Lockdown: This is government's new plan to allow students back on campuses


Higher Education, Science and Technology Minister Blade Nzimande outlined the government's plans on Saturday to allow students back on campuses.

Among some of the major announcements were that National Student Financial Aid Scheme (NSFAS) students would receive 10GB free data from June through to August; all students and staff members returning to campuses will be screened upon entry; and one third of students will be allowed back on campuses and in residences under Level 3 of the lockdown. 


Currently, final-year students in programmes requiring clinical training, particularly in medicine, have been returning since mid-May. All other students have to study through digital and other means until they can return.

Under Level 3, a maximum of 33% of students will be allowed back on campuses and in residences - as long as they can been accommodated in line with health and safety protocols.

President Cyril Ramaphosa previously said most of the country should have reached Level 3 by the end of May.

The students who will be allowed back under Level 3 should be in their final year and must require access to laboratories, technical equipment, data, connectivity and access to residence as well as private accommodation.

Postgraduate students who require laboratory equipment and other technical equipment to undertake their studies may also return.

READ | UCT reveals first group of students who will be allowed back, but no dates confirmed yet

Students in all years of study that require clinical training in their programmes can also go back. Universities can also decide to allow back students to residences who may face "extreme difficulties" in learning at home.

Once Level 3 is announced, students will be given a period of two to three weeks from the announcement date to return back to their campuses. Institutions will issue permits to identified students to allow for their travel. Only a third of students will be allowed back in residences under Level 3.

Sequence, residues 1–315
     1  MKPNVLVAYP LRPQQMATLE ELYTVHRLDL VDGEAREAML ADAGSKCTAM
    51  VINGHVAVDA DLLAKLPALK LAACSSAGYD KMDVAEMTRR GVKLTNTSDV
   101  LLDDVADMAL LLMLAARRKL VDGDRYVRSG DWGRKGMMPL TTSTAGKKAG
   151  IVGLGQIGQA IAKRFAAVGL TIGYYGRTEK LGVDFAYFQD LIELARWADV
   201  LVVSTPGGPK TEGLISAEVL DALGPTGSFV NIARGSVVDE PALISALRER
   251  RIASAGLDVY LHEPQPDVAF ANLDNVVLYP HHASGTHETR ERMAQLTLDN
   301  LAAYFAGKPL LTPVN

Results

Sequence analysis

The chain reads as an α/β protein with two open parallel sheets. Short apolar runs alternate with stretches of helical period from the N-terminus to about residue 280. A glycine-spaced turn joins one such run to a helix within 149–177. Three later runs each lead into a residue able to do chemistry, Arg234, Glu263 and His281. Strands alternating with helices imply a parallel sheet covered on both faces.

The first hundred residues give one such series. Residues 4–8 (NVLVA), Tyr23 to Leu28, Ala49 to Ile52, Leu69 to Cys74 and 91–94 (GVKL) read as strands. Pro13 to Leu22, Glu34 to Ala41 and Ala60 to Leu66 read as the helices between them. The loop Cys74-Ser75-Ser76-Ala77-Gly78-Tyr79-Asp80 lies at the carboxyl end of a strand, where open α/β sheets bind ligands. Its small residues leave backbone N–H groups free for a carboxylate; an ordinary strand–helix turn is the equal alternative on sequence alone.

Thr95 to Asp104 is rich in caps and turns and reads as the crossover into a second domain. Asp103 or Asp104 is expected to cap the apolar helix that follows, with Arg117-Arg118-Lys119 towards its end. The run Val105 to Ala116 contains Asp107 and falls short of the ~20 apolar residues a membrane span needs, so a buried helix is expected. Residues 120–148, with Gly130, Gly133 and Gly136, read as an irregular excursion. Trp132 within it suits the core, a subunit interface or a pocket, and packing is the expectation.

Students will be screened for Covid-19 symptoms at campus entrances.

Once the country reaches Level 2, two-thirds of the student population will be allowed back. First-year students in all undergraduate programmes will be allowed back as well as students in all years of study who require laboratory and technical equipment to complete the academic year.

Students in all years of study who require practical placements, experiential learning or workplace-based learning to complete the academic year will also be allowed back - provided the workplaces and platforms are open and prepared. Two-thirds of residences may be occupied during Level 2.

Only at Level 1, will all students return.

TVET returns

Technical and Vocational Education and Training (TVET) students will return by specific dates, but if their campuses are in areas that are still on Level 4 during that time - they will remain closed.

These are the return date for engineering students:

N6 & N3: 10 June

N5 & N2: 15 June

N4 & N1: 22 June

For business studies students:

N6: 25 June

N5: 29 June

N4: 06 July

National Certificate (Vocational) Level 4: 13 July

Level 3: 20 July

Level 2: 27 July

All lecturers need to return by 8 June.

CET colleges

Students registered for General Education and Training Certificate, Senior Certificate and National Occupational Certificates at Community Education and Training colleges need to return by 17 June. Exam dates have been postpone to next year to enable them to complete the 2020 academic year.

NSFAS students

Nzimande announced all NSFAS students, including Funza Lushaka teaching bursary students, would receive 10GB daytime and 20GB nighttime data for three months, starting from 1 June until the end of August.

This thanks to a new deal with cellphone service providers which secured "very favourable rates".

He said these students should register their cellphone numbers with their respective institutions, and they shoud not change their SIM cards during this period.

Nzimande added the government was not in a position to subsidise data to students who fall within the so-called "missing middle" category - those who did not qualify for NSFAS bursaries, but came from households who might have been hit hard by the pandemic.

"We, however, appeal to [cellphone companies] to work with institutions to also offer affordable packages to such students."

READ | Final year students studying towards degrees in industries at risk of job losses share their fears

He said the government was working towards an affordable higher education loan scheme involving the private sector.

An agreement with the SA Revenue Service has been concluded to provide the NSFAS access to the latest tax data to validate the household income of applicants.

The NSFAS will now also be able to include other income, such as investment and rental, in its applications assessment.

"This will greatly assist towards the finalisation of outstanding appeals," Nzimande added.

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